Vibrational peaks at 601 and 669 cm1 in the gypsum spectrum can be assigned to S-O bending and 1126 cm1 to asymmetric S-O-S stretching (Fernández-Carrasco et al., 2012). Another peak at 466 cm1 might have occurred from bending modes of Si-O of quartz (Ojima, 2003). IR spectrum of gypsum exhibiting two sharp peaks at 1622 and 1685 cm1 can be produced from O-H bending vibrations (Fernández-Carrasco et al., 2012). The other two strong broad peaks at 3404 and 3545 cm1 might be attributed to the stretching of the OH group. A very weak peak centered at 3770 cm1 might be indicating a free active hydroxyl group that characterizes alumina in gypsum (Escribano et al., 2017). Accordingly, IR spectra of OPC, PCC, clinker, fly ash, slag, limestone, BFD, DRD demonstrated peaks at 3776, 3770, 3774, 3772, 3776, 3772, 3774, 3770 cm1, respectively might be resulted from hydroxyl groups of alumina.

A broad and strong vibrational peak at 997 cm1 in the IR spectrum of slag might have generated from asymmetric stretching of Si(Al)-O of glass gehlenite (Taylor, 1990). The glass akermanite may also produce a vibrational peak near 997 cm1 due to the stretching of Si-O-Si (Dowty, 1987). However, crystalline phases of rankinite and belite generate characteristic vibrational peaks near 997 cm1 due to the asymmetric stretching of Si-O-Si (Fernández-Carrasco et al., 2012; Wang et al., 2018). A shoulder peak at 881 cm1 in the slag spectrum might have occurred from the presence of an appreciable amount of SiO44– groups in the glass network of gehlenite or from the oscillation of oxygen atoms between Si and Mg in akermanite (Sharma et al., 1983; Dowty, 1987). IR spectrum of slag showing a weak peak at 673 cm1 might be attributed to Si-O-Si symmetric stretching of wollastonite or Al-O-Al symmetric stretching of gehlenite (Taylor, 1990; Ding et al., 2014). A medium intense peak at 474 cm1 resulting from bending of Si-O can be originated from crystalline phases of both wollastonite and akermanite (Kimata, 1980; Ding et al., 2014). Epidemiological evidence of wollastonite demonstrated a nonspecific increase in bronchitis and reduced lung function (Maxim and McConnell, 2005). A broad and strong intense peak at 3446 cm1 occurring from OH stretching might be an indicator of amorphous silica (Ojima, 2003).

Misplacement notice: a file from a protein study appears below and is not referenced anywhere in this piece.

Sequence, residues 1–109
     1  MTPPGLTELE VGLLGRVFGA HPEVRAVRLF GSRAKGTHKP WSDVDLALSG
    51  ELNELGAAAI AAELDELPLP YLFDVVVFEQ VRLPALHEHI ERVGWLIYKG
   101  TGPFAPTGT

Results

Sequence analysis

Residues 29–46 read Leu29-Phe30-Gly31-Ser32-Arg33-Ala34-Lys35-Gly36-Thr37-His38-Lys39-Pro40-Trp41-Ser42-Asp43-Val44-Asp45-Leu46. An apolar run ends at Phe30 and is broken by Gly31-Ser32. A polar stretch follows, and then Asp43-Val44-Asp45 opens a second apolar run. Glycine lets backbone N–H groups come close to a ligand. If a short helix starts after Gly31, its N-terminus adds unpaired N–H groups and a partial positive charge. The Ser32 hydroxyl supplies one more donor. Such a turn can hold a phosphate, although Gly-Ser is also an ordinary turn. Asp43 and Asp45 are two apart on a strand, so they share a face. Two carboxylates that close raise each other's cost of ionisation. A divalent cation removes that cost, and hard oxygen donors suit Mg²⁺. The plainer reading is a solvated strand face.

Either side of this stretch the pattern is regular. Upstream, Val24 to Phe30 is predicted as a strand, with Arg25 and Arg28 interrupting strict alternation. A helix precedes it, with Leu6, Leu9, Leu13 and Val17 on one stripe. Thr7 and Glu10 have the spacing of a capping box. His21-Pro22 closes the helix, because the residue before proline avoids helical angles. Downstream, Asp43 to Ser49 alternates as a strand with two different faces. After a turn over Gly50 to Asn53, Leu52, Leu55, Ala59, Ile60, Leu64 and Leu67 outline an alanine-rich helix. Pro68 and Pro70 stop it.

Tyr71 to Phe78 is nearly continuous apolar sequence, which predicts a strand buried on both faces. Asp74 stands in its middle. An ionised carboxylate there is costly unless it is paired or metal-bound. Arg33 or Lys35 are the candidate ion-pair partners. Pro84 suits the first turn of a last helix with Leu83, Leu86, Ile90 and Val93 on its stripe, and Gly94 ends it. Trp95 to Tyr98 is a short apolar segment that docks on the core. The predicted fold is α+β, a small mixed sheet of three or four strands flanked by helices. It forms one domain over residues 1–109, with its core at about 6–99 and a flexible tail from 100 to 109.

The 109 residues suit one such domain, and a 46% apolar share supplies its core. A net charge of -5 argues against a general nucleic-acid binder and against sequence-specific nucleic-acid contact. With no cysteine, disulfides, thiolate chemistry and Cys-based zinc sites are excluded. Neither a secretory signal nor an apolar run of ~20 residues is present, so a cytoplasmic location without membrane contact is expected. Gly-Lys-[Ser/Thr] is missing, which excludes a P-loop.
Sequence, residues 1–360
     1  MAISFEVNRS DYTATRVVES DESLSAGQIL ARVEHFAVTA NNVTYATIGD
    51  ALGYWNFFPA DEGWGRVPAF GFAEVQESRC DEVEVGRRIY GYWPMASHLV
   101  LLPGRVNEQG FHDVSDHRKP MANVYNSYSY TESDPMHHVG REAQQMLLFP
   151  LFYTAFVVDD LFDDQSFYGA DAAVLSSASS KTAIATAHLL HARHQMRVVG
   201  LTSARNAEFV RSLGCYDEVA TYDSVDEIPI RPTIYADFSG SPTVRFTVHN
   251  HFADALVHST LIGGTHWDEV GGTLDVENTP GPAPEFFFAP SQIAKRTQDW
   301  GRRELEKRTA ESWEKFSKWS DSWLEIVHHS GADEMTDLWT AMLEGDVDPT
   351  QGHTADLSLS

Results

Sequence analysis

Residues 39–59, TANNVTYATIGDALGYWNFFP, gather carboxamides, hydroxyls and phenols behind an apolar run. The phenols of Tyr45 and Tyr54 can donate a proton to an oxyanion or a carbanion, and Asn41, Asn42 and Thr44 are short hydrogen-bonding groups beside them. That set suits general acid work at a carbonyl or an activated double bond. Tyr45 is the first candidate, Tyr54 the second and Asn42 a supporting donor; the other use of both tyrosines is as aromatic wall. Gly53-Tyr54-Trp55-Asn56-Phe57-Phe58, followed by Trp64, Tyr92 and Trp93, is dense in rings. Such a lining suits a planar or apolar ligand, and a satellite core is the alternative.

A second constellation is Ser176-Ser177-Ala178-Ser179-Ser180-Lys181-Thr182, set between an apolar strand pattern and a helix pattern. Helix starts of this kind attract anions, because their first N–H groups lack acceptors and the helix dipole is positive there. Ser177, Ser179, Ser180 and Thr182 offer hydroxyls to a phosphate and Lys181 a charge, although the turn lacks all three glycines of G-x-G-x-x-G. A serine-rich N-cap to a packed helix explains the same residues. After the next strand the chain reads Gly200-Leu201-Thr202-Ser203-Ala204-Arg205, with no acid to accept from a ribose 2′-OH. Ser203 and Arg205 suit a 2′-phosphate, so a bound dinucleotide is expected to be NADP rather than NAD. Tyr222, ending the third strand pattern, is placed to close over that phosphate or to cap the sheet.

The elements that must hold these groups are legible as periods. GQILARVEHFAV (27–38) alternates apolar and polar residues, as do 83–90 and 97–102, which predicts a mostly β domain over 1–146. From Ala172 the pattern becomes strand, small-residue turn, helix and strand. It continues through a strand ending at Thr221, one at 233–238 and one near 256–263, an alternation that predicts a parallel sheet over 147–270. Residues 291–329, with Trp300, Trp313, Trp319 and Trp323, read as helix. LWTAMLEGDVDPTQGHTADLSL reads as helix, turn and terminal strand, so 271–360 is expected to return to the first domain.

Two strong vibrational peaks at 925 and 881 cm1 in the DRD spectrum might have resulted from the OH liberation mode associated with octahedral Al-OH groups in beidellite structure (Farmer, 1974; Kloprogge and Frost, 1999). The peak centered at 520 cm1 might be presenting the coupling between the O-Si-O deformation and the Na-O stretching due to albite in DRD (Dowty, 1987; Zhang et al., 2019). The vibrational peak at 1101 cm1 might have derived from asymmetric stretching of Si-O-Si of albite or cristobalite while at 459 cm1 due to Si-O bending of quartz (Mollah et al., 1992; Ojima, 2003). The peaks at 881 and 1431 cm1 may occur from vibrations of carbonate bonds that existed in vaterite (Neupane et al., 2020). A weak vibrational peak at 3691 cm1 in the DRD spectrum may indicate the presence of the O-H group of kaolinite (Ojima, 2003; Kumar and Rajkumar, 2014).

Vibrational peaks at 1427, 875, and 709 cm–1 in the IR spectrum of limestone can be assigned to the asymmetric stretching, out-of-plane bending, and in-plane bending mode of CO32, respectively (Hsiao et al., 2019). The vibrational peaks at 1427 cm–1 and 875 cm–1, are characteristic for both calcite and dolomite, although the small sharp peak at 709 cm-l distinguishes calcite from dolomite (Reig et al., 2002; Hsiao et al., 2019). The weak peak appearing at 1801 cm–1 in the limestone spectrum is also an indication of the presence of CO32 (Nagabhushana et al., 2008; Hsiao et al., 2019). Accordingly, the vibrational peaks with broad nature appearing at 1438 cm–1 in OPC, 1409 cm–1 in PCC, and 1433 cm−1 in clinker might be attributed to the asymmetric stretching of CO32 of calcite. However, a medium intense peak at 1477 cm–1 in the BFD spectrum, might have arisen from asymmetric stretching of CO32− of aragonite (Toffolo et al., 2019).

Two weak peaks at 1373 and 1423 cm−1 in the slag spectrum might be corresponding to the asymmetric stretching vibration of O-C-O bonds indicating a slight degree of carbonation that has already taken place in the raw material (Gao et al., 2014). Another weak vibrational peak at 1379 cm−1 detected in the fly ash spectrum might also be attributed to CO32– probably due to some carbonation during the sample preparation (Rafeet et al., 2019). In addition, the limestone spectrum shows vibrational peaks at 1111 and 474 cm1 which might have resulted from quartz. The very weak peak at 3697 cm1 might be generated from hydroxyl groups of Mg(OH)2 (Wang et al., 2016; Jing et al., 2019). Vibrational frequencies between 2850–2950 are ascribed to the stretching mode of C-H bonds, found in all samples. IR spectra at 2935, 2927, 2926, 2924 cm1 and 2868, 2864, 2862, 2860, 2858, 2854, and 1705 cm1, are attributed to asymmetric and symmetric stretching of C-H, respectively (Kumar and Rajkumar, 2014).